Based on the manga series Inari, Konkon, Koi Iroha, written and illustrated by Yoshida Morohe, Inari Kon Kon is a mahō shōjō (magical girl) comedic romance anime series that revolves around a middle school girl named Fushimi Inari.
When Inari, who has always loved her local Inari shrine, saves a fox spirit on her way home from school, she meets the goddess of the shrine, Uka-sama, who grants her one wish. Inari’s wish happens to be to become the school’s popular girl Sumizome Akemi, because she believes the boy she has a crush on likes Akemi. But later, Inari realizes she has made a mistake with her wish and wants to change back into herself. Uka-sama cannot oblige her, however, because it is against the rules for a god to grant multiple wishes to one human, so instead Uka-sama gives Inari a portion of her own supernatural powers. Now, Inari, using the chant “Inari, Kon Kon” is able to transform into any living being. So she changes back into herself, but she soon realizes this new power brings problems of its own. She is draining the power of Uka-sama who is slowly fading away. It can also cause problems for Inari and the people around her to use her power unwisely. Sometimes her powers go out of control and she uses them without even realizing it, such as when she gets the lead role in the school play alongside Tanbabashi Kōji, the boy she has a crush on. It is her powers that unconsciously pushed aside all the other girls.
This series is relatively brief, but it is pleasant and avoids some of the pitfalls of these types of shows. We aren’t bombarded with overused physical gags or an excess of fan service. Instead, the character of Inari is simply the sweet, driving force in this character-driven story that is basically about finding your inner strength, first love, and also overcoming loneliness – Uka-sama is a lonely goddess who really desires love and companionship, which she seeks amongst the humans. Inari’s circle of friends are all compelling, though not completely fleshed out, given the brevity of the series and its strong focus on its protagonist. We are given the basic archetypes, however, in the “tomboy,” the “otaku,” and the “popular girl.” The animation doesn’t really break any new ground, but it is pleasing enough and does give us distinctive character designs and lovely background artwork for what is an overall satisfying series.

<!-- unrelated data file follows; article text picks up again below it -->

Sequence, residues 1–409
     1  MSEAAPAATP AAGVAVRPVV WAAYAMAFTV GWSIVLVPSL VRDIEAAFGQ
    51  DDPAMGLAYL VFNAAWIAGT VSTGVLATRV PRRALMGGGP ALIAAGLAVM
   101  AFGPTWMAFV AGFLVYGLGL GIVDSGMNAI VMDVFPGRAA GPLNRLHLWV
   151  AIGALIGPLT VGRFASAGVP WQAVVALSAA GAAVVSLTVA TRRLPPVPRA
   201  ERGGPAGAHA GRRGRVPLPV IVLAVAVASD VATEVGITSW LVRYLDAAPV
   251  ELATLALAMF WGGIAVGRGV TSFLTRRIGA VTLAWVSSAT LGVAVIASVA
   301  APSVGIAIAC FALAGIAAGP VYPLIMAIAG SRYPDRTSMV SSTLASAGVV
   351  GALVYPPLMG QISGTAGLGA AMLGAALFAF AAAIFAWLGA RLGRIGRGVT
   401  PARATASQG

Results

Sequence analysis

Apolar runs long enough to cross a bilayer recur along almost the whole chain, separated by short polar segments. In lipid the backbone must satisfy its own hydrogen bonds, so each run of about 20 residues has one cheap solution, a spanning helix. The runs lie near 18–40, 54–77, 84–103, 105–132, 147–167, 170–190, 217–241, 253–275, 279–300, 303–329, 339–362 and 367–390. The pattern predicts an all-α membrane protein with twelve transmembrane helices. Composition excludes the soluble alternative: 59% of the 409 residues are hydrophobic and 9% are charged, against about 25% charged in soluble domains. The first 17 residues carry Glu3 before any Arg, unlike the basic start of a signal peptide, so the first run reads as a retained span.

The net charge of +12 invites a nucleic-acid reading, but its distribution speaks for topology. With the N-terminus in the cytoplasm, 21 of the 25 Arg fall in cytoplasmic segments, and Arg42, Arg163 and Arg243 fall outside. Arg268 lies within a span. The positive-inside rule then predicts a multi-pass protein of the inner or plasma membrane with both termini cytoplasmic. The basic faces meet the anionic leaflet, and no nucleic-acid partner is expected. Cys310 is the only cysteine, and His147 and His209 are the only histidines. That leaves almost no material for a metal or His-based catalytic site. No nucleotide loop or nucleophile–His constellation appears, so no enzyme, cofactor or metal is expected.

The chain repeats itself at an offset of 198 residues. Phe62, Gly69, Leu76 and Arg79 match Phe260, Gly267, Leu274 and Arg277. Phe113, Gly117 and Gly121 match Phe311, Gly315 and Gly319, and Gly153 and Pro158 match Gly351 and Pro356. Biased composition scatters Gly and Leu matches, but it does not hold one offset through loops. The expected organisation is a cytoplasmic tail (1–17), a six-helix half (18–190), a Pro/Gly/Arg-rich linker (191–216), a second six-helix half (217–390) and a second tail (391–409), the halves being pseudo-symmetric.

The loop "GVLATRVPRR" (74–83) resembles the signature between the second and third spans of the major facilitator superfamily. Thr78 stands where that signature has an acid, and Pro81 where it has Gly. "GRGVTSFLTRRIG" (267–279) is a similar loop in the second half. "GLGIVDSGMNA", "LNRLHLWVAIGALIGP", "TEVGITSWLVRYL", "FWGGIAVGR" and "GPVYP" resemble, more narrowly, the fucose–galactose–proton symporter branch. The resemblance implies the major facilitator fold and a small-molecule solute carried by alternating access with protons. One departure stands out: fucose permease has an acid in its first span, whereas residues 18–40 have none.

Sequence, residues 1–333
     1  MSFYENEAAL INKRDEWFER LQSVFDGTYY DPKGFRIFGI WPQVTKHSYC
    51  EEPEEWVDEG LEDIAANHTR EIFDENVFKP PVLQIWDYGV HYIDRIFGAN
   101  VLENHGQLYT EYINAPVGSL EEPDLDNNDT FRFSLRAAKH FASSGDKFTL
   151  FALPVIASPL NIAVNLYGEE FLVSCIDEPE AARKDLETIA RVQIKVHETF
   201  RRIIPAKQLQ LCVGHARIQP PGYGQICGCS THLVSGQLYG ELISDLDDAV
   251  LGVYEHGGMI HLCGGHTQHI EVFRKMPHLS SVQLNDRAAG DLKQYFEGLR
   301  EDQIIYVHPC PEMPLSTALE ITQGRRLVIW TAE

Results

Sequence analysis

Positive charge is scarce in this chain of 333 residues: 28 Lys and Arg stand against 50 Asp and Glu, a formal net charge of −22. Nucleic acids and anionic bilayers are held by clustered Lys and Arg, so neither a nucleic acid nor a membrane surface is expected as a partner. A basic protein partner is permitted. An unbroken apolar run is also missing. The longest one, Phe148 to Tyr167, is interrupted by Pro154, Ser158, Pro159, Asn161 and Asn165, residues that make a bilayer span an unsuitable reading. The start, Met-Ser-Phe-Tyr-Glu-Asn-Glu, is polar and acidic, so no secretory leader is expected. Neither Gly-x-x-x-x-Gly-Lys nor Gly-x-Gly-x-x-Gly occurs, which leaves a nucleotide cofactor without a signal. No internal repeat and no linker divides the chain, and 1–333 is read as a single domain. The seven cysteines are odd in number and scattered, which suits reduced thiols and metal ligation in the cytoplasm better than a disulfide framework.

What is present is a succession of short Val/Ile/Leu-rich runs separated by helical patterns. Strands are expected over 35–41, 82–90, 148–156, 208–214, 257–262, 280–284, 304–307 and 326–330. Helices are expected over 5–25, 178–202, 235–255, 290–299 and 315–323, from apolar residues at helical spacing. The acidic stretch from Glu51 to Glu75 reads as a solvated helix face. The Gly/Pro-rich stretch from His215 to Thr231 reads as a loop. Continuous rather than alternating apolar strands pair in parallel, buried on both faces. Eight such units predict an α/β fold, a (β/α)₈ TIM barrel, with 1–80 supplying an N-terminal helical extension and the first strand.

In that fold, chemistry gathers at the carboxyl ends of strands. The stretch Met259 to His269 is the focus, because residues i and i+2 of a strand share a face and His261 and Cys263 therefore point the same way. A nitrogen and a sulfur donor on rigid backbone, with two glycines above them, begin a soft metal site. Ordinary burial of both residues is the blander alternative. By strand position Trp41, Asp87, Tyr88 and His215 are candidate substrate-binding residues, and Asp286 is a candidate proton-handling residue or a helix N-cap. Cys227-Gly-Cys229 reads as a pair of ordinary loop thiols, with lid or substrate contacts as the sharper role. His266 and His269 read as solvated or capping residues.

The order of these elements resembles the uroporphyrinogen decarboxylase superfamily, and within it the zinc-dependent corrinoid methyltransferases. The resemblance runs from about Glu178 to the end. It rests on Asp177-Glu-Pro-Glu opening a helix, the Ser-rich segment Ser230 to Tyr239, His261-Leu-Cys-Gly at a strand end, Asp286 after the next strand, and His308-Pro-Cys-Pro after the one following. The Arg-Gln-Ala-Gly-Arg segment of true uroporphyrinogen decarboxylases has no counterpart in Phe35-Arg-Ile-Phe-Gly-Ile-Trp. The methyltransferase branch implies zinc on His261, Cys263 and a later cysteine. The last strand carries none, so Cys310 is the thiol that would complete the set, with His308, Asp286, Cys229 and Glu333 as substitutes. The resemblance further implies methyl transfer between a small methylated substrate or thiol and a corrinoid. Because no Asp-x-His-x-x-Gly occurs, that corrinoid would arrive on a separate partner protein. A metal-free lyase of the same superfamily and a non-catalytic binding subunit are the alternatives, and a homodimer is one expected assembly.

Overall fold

Inari Kon Kon comes to Blu-ray with an AVC/MPEG-4 1080p encodement from FUNimation Entertainment. The image has sort of a milky veil over it that seems to be an artistic choice, but apart from that, this is a solid transfer from FUNimation of the digital, hand drawn animation for Inari Kon Kon. This is one of the better looking releases form FUNimation, virtually free from color banding, and showing crisp detail with no aliasing.
Inari Kon Kon is one of the few FUNimation titles that does not come with an English dub, so we get only the Japanese stereo soundtrack in Dolby TrueHD 2.0. As with almost all FUNimation releases, however, we get a track that is mastered with a ridiculously low volume, causing me to reach for the remote and pump this up about 10db higher than usual. Once there, the sound is fine, with clean dialogue and a decent stereo spread, but dynamic range is still limited. The voice cast, however, is without reproach and they really bring these characters to life.
This set comes with the Inari Kon Kon OVA, plus the Pub Fox Theater episodes, which is 13 minutes of comedic animation with some of Uka-sama’s fox spirits, plus the usual promos and clean animation.
- 2 DVDs
- Pub Fox Theater Episode 01-09 (1.78:1; 1080p/24; 00:13:34)
- Commercial Collection (1.78:1; 1080p/24; 00:00:51)
- Promotional Video (1.78:1; 1080p/24; 00:01:41)
- Textless Opening Song “Kyo ni Koiiro”
- Textless Closing Song “SAVED.”
- U.S. Trailer (1.78:1; 1080p/24; 00:01:35)
- FUNimation Trailers
The Definitive Word
Inari Kon Kon is a fun little entry in the “magical girl” genre. It offers appealing characters, a strong moral, and good artwork. The video quality is top notch as well. Fans of dubs will be disappointed, but the Japanese voice cast is excellent.